Inside a converted power plant in Toronto’s Junction neighbourhood, a promoter from InteraXon greets the growing crowd of boozy twentysomethings: “Hi. Do you want to pour beer with your brain? ” One brave young woman dips into her tiny purse and proffers a fiver. When she dons the prototype headband, equipped with sensors that clip to her earlobes and forehead, clusters of neon lines representing her brainwaves dance on two nearby monitors. She recites the alphabet backwards (to help with concentration, the promoter suggests), then the beer tap jerks, and amber liquid pours forth into the glass. The young woman gasps: “I felt it in my head!”
This is one of the company’s last public demos of Muse—a device that measures brainwaves in real time and translates them into control signals for smart phone, tablet, or computer—before it hits online stores later this year. “For us, it’s like the birth of Jesus Christ,” says Ariel Garten. “There’s Before Launch, and then After Launch.” Petite, with intense blue eyes and no affinity for makeup, the thirty-four-year-old CEO of InteraXon and co-creator of its sole product seems calm, given the circumstances. We meet in the company’s conference room, nicknamed the Cerebroom, where a shoeless Garten places her feet in front of her and wriggles her toes. A desire to unravel the mystery of consciousness, she explains, forms the common thread through her eclectic professional history, from an eponymous clothing line featuring T-shirts silkscreened with brainwave patterns to her still-active psychotherapy practice.
In 2003, a friend introduced her to computer scientist Steve Mann from the University of Toronto, and over the next few years she collaborated with the so-called human cyborg and his student Chris Aimone on a number of brainwave-controlled concerts and art installations. In 2010, three years after launching InteraXon with Aimone and event promoter Trevor Coleman, Garten arranged for thousands of attendees at the Vancouver Olympics to simultaneously control the lights of the CN Tower, Parliament Hill, and Niagara Falls. Still, she had higher ambitions. She dreamt of a thought-controlled computing device that might enjoy some measure of the smart phone’s ubiquity and voltage. In other words, she wanted to commercialize on a massive scale; to achieve that, the freethinker would need to meld minds with wealthy investors.
“A mentor told me years ago that as a CEO your full-time job is fundraising,” she says. “I didn’t really get it. Now I do.” While she is grateful for the mentorship she received from MaRS, a Toronto not-for-profit that fosters innovative entrepreneurship, she didn’t bother to approach risk-averse Canadian investors. Instead, she took her standard-issue PowerPoint presentation to Boston and New York, where venture capitalists aggressively hunt for the Next Big Thing. Her first successful pitch, in 2011, started over a Skype connection so patchy she assumed she would never hear from the investor again. The next thing she knew, she was rushing to a high-rise at Thirty-Seventh and Broadway, where she detailed Muse’s non-beer-related uses, from flagging distractions like social networks—and even shutting them down—to selecting the perfect soundtrack for every mood. She left the meeting with a significant portion of the $500,000 she needed for her first financing round, and spent the rest of the evening celebrating at (where else?) a Björk concert.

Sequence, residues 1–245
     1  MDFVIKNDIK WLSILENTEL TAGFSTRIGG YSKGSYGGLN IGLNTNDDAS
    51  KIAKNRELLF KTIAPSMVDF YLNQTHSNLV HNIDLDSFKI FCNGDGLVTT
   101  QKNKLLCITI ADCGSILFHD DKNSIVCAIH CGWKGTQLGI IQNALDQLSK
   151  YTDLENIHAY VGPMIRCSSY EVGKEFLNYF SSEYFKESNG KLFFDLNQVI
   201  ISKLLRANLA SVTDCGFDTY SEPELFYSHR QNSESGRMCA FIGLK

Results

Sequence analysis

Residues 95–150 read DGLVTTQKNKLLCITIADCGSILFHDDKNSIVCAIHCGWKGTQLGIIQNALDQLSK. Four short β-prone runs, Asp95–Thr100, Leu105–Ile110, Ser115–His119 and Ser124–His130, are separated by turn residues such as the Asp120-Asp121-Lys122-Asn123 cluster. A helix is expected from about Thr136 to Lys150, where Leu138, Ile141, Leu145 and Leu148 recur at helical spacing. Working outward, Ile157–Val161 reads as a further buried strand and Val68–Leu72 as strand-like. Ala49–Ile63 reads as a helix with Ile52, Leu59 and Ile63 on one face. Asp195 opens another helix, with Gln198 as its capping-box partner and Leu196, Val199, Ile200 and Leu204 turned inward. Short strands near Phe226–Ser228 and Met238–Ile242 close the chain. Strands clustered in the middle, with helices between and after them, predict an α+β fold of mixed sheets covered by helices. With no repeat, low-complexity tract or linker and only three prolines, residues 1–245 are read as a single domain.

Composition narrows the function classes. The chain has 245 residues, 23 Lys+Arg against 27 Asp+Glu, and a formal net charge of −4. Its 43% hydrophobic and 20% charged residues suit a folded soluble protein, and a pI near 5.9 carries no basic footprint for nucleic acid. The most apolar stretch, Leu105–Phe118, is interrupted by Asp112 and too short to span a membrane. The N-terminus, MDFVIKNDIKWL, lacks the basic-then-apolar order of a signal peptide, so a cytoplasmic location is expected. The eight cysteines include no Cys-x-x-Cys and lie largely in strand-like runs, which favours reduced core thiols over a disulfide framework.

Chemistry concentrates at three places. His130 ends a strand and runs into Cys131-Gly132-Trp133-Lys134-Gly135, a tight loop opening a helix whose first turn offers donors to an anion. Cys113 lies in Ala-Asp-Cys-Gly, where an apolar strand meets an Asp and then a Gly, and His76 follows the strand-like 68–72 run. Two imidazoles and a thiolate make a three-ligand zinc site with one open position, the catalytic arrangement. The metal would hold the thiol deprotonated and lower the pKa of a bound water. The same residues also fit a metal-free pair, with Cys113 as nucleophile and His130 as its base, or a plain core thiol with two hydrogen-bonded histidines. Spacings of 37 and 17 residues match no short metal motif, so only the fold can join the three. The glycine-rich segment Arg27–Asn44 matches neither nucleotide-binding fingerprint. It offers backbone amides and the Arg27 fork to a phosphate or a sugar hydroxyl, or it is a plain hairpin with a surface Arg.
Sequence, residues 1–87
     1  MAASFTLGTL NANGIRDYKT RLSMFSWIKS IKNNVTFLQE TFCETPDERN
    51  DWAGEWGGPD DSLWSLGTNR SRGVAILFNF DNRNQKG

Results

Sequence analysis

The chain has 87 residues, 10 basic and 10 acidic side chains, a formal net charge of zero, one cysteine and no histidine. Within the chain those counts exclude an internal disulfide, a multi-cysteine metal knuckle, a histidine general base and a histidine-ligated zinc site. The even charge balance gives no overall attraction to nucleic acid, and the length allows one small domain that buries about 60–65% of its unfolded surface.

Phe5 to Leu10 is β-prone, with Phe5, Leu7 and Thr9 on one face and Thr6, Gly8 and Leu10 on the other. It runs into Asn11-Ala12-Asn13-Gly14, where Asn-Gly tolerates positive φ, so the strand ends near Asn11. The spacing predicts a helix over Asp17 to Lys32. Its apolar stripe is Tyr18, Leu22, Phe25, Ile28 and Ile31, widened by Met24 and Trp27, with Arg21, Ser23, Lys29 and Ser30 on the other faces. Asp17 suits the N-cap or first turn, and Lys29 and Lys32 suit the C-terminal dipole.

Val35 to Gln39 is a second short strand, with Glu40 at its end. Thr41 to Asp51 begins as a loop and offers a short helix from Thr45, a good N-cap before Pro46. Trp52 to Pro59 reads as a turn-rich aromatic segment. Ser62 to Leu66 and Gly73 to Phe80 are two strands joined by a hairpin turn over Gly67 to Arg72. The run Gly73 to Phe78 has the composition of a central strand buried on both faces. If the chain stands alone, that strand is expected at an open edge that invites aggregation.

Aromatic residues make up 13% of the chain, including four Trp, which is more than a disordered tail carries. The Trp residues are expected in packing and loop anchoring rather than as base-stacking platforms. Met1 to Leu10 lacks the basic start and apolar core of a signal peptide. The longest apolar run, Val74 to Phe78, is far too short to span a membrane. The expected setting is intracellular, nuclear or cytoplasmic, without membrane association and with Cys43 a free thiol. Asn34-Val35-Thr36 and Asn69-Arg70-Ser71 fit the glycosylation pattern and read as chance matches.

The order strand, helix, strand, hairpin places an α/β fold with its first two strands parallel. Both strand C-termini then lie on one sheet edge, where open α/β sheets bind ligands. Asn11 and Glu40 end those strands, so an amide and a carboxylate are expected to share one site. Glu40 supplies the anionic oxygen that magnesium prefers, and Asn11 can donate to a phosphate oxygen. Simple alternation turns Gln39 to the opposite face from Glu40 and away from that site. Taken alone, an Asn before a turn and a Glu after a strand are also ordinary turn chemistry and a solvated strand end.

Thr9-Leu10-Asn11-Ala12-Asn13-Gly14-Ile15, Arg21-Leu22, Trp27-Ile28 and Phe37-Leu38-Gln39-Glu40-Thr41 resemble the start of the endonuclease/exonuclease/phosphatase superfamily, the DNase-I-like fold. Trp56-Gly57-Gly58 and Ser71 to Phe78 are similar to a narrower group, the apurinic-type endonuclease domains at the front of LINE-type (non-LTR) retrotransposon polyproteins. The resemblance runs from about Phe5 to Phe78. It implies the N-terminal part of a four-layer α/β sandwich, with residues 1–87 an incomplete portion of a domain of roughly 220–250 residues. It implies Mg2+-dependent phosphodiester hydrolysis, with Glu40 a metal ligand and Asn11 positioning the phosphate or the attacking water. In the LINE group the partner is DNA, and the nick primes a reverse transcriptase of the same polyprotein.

So far, she estimates that she has probably delivered a hundred pitches. In most cases, she is the only woman in the room, but she claims she never feels nervous; she just taps in to her natural theatricality. (By the time she was twelve, she tells me, she was showing her family’s Toronto rental properties: “This fireplace is from 1892,” she intones. “Note the tiles.”) Lately, she has taken to letting potential investors wear Muse during her presentation. When their minds wander, she points it out. As she leaves the meeting, she takes bets from team members on how it went. She thinks she has discovered a “magic moment” cheat, which hinges on a subtle shift in investors’ language from “you” to “we.” She snaps her fingers; it means they’re in—and mostly they are.
Her current roster of backers includes actor Ashton Kutcher and Madonna’s manager Guy Oseary, who embody what Garten calls the Silicon Valley mentality: no guts, no glory. Any residual hesitation Americans might have had about investing in hardware (which, unlike software, requires sky-high overhead) evaporated when she scored legendary Hong Kong magnate Li Ka-shing’s Horizons Ventures—an early supporter of Facebook, Skype, and Spotify—as lead investor. But even as she confirms that she easily closed $6 million in financing this past August, turning away a conga line of investors, she knows her work is far from done.
Inside the Cerebroom, the walls covered from floor to ceiling in Post-it Notes with comments from focus groups, she projects that After Launch she will be right back on the fundraising trail; even at $269 apiece, she’ll continue to need investors to accelerate Muse’s growth. She will soon test the waters in Europe, and Canadian venture capitalists are finally showing some interest. Just yesterday, one begged her to squeeze him in to her latest financing. “He would only have done that,” she says with a wry smile, “once everyone in Silicon Valley said it was cool.”
Lauren McKeon is the editor of This Magazine.
Adrian Forrow has done artwork for The New Yorker, Bloomberg View, and Corporate Knights.